President Clinton came to a 3,400-year-old town today and found that some things never change: Communities ask the government for money, people quarrel over religion, and sailors leave graffiti about sex.

The president, his wife and their daughter toured the magnificent ruins here, once part of the Roman Empire's third-grandest city (after Rome and Constantinople), and now a sprawling archaeological sampling of mosaics, arches and columns that hint tantalizingly and somewhat forlornly at its past grandeur. Cleopatra, Alexander the Great, Saint Paul and perhaps the Virgin Mary lived here, as did some of the finest architects and craftsmen of the Greek and Roman empires.

The first family viewed Ephesus (pronounced EF-i-sus) with understandable awe, although the president's face at times had traces of a vacation-weary husband being dragged to yet another site by his wife and daughter. Perhaps, in his presidency's waning days, the symbolism was too stark: Empires, monuments and politicians rise, and empires, monuments and politicians inevitably fall, fade away and are largely forgotten.

Whatever his thoughts, Clinton kept them mostly to himself, listening intently to his tour guides and musing only a little when reporters were within earshot. "Amazing," he said as he approached a double arch that included a likeness of Medusa, meant to keep away evil spirits.

Clinton is spending 10 days in southeastern Europe and Asia Minor, including five days in Turkey. On Thursday he'll attend the summit of the Organization for Security and Cooperation in Europe, and he'll make numerous speeches and appearances before heading home.

Today, however, was devoted mainly to sightseeing in Ephesus, founded around 1400 B.C. as a trading post on the Aegean shore. Over the centuries it was colonized by the Greeks, exalted by the Romans, burned by the Goths and finally abandoned by people who no longer could use it for trading because its harbor filled with silt.

Paul, the New Testament's famous letter writer, came here in A.D. 52 to convert the residents to Christianity. Local silversmiths soon rioted and ran him out of town because his proselytizing hurt their business selling likenesses of the town's favorite pagan goddess, Diana.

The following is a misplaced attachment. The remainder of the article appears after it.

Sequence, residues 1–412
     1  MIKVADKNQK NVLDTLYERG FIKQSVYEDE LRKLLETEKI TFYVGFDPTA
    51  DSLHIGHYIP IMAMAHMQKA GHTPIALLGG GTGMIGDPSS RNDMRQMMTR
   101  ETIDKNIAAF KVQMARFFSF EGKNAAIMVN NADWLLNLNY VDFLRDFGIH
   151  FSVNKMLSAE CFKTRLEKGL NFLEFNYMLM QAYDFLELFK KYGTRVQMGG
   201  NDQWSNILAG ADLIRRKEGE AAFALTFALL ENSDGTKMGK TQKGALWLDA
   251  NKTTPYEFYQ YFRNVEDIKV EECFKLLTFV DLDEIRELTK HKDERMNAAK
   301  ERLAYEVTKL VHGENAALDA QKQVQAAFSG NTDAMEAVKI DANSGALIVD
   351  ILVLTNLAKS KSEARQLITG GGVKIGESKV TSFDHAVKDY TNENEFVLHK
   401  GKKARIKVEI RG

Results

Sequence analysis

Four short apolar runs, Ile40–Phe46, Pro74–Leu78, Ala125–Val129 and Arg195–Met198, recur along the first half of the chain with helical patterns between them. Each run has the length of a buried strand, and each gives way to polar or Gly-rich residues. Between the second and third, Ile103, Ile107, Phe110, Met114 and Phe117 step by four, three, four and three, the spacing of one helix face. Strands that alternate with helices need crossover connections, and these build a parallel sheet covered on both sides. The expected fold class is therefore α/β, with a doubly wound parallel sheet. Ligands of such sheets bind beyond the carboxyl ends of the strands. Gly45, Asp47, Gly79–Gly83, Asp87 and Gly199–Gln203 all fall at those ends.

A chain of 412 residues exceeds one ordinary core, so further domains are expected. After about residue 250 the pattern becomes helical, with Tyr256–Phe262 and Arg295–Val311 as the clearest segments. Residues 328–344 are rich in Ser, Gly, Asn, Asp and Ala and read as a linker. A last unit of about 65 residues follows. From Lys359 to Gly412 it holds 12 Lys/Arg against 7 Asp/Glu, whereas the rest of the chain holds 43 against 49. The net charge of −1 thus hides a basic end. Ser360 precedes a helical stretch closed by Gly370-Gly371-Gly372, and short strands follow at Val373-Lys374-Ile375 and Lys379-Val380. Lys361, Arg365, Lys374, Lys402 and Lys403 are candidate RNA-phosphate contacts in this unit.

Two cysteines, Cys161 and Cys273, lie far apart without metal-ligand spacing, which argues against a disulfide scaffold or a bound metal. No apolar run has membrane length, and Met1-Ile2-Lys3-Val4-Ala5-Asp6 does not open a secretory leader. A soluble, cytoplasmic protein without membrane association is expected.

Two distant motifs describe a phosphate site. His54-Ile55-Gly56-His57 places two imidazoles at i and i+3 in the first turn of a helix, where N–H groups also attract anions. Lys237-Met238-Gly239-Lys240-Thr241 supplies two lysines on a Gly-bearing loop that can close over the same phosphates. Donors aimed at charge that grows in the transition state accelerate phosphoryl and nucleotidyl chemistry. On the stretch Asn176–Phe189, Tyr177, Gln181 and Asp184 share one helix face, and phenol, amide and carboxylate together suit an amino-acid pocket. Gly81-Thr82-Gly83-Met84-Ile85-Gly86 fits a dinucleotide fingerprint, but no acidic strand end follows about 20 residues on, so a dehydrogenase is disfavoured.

Legend holds that John, one of the 12 Disciples, brought the Virgin Mary here to live out her days after Christ's crucifixion, and Ephesus remains an important pilgrimage site for that reason. At least one Israeli town also claims to be Mary's burial site, so archaeologists step gingerly around the subject in this Islamic nation, preferring marble to myth.

"We don't talk about Mary," said Julie Pearce, a Turkish-based American archaeologist who conducted a tour today for Secretary of State Madeleine K. Albright and others, shortly before the Clintons' walk-through. "It's gotten us in trouble before."

If Mary's sojourns are lost in the mists of time, some of Ephesus's artifacts seem strikingly modern. Take, for example, the stone tablet letter the Clintons strolled by on their way to the Library of Celsus.

It seems an earthquake had damaged Ephesus's walls, and the locals asked Rome's emperors for help--block grants, no doubt--to rebuild them. As the government dithered, Ephesus's leaders tried to reassure their constituents of their continued diligence by posting a copy of the letter--in the form of chiseled marble tablets--sent to prod the Romans.

It was classic--or classical--bureaucratese: "You inform that income [from private estates in particular cities and the land owned by the state], and the assets provided for the renewal of walls were insufficient," began the two-millennium-old letter. Any G-12 federal employee today would recognize it as a Hellenistic way of saying, "Don't give me that 'revenues are tight' baloney."

A little farther down the Street of Curetes, tour guide Beyhan Oner pointed out some graffiti to the Clintons, a carving in the marble pathway of a left foot and a woman wearing a crown. Oner explained that the graffiti was helpfully left to tell ancient sailors that the town's brothel was ahead and on the left. In fact, the Clintons had stopped a few minutes earlier at the "House of Love," but reporters were kept at a sufficient distance to prevent them from learning how much detail, if any, the guides offered on the spot's legacy.

Graffiti wasn't the only antique nuisance that today's politicians could readily appreciate. As Oner explained that the Romans used lead pipes to carry water in Ephesus until they realized it made them sick, Hillary Rodham Clinton, who is planning a Senate bid from New York, nodded.

"So," she said, "they had lead poisoning back then."